Most newly synthesized proteins associate into macromolecular complexes to become functional. Complex formation requires that subunits find each other in the crowded cellular environment while avoiding unspecific interactions and aggregation. Recent findings indicate that native complex formation is facilitated by coupling protein synthesis by ribosomes (translation) with folding and assembly. Studies analyzing formation of heteromeric complexes have elucidated the cotranslational engagement of nascent subunits by their fully translated, diffusing partner proteins (co-post assembly). We considered an alternative assembly mechanism that involves the interaction of two nascent subunits during their concurrent translation (co-co assembly) and thereby uncouples assembly from subunit diffusion. Provided that the interacting subunits are synthetized on one polysome, co-co assembly would increase the fidelity of homomer formation, prevent non-specific interactions with structural homologs and isoforms, and facilitate spatial and temporal coordination of the process. Whether cells employ co-co assembly as a general strategy for complex assembly, when and how efficiently nascent subunits interact, and what mechanisms are driving the process remain unclear.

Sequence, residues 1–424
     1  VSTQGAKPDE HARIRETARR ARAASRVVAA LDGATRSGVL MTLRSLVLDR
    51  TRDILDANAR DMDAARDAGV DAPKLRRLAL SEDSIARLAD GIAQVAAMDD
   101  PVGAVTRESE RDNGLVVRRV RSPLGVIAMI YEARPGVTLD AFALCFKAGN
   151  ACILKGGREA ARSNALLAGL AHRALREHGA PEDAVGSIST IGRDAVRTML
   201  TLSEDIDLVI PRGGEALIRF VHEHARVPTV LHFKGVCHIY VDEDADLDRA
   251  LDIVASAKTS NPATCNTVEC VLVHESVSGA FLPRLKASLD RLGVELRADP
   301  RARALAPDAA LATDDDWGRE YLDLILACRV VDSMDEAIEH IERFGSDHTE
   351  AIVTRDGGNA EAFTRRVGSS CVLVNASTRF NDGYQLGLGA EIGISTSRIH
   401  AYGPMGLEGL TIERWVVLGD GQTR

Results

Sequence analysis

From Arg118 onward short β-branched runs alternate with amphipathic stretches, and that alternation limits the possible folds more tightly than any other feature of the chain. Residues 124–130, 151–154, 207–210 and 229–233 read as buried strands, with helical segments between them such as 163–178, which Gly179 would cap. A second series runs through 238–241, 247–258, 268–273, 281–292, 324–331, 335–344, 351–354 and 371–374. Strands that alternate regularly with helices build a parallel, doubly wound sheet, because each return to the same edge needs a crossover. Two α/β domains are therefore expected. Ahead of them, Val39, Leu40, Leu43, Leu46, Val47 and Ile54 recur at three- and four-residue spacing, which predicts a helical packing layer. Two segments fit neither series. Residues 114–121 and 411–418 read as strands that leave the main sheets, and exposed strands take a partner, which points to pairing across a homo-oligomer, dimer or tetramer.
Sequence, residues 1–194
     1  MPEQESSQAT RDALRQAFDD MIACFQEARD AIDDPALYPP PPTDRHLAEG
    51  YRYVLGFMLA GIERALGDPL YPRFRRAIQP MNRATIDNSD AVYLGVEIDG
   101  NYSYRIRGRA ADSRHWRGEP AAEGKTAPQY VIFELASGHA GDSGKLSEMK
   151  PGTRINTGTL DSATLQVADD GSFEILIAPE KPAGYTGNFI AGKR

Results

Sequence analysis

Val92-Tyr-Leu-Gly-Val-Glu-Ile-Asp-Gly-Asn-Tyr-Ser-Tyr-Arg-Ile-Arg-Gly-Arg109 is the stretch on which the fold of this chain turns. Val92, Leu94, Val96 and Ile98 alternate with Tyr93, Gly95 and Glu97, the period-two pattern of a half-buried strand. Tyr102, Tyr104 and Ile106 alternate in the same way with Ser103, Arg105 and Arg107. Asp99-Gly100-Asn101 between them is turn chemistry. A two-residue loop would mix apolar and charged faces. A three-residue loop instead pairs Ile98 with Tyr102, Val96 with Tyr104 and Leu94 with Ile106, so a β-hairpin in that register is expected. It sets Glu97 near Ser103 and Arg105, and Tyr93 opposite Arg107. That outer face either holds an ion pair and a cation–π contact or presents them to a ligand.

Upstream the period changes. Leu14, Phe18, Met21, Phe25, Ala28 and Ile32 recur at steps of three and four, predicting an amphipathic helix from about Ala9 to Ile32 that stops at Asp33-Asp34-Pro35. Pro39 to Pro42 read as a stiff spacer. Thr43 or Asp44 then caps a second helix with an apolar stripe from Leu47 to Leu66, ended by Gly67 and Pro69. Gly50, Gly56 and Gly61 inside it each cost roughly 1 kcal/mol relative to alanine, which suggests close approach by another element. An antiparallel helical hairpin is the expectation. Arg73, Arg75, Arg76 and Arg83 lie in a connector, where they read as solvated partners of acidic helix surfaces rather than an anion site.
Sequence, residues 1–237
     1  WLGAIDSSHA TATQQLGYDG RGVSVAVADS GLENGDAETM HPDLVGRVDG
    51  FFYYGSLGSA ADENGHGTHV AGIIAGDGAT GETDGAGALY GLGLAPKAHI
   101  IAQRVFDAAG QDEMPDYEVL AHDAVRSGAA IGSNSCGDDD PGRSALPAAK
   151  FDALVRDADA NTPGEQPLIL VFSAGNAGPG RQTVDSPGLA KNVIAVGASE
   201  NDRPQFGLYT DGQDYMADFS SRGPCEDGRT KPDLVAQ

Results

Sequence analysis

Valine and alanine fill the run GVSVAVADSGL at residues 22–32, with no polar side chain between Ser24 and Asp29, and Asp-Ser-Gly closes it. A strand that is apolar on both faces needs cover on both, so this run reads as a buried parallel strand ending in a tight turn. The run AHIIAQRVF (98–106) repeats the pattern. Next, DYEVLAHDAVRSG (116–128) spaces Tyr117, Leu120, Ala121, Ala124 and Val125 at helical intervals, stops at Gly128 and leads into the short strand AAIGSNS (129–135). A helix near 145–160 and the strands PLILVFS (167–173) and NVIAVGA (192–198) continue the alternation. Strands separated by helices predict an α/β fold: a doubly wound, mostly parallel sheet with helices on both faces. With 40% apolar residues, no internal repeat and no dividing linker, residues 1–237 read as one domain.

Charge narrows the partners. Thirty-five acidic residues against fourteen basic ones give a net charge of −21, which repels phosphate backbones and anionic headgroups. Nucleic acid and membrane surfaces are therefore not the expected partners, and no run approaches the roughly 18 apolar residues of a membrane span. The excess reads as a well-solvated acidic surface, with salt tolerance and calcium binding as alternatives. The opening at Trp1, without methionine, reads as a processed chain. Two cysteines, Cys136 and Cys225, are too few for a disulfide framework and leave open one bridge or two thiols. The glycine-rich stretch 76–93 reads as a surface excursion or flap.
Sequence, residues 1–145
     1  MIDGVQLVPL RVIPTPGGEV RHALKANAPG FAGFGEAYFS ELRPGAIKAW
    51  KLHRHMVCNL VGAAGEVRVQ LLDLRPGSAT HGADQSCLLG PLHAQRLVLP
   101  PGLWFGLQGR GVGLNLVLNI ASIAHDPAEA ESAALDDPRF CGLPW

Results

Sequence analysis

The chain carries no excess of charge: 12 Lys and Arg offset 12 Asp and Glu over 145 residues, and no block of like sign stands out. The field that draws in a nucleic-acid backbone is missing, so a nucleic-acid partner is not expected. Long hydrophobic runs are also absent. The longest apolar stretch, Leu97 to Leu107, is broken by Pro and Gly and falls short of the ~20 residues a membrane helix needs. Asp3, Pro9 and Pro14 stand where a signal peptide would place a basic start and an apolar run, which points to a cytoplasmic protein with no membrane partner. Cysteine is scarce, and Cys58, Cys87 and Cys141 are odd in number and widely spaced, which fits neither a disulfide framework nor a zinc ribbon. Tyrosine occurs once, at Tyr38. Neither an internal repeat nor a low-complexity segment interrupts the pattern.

Multidisciplinary
AAAS
European Union Horizon 2020 , NWO
doi.org/10.1126/science.abc7151
Science
Biophysics

Bertolini, M, Fenzl, K, Kats, I, Wruck, F, Tippmann, F, Schmitt, J, … Kramer, G. (2021). Interactions between nascent proteins translated by adjacent ribosomes drive homomer assembly. Science, 371(6524), 57–64. doi:10.1126/science.abc7151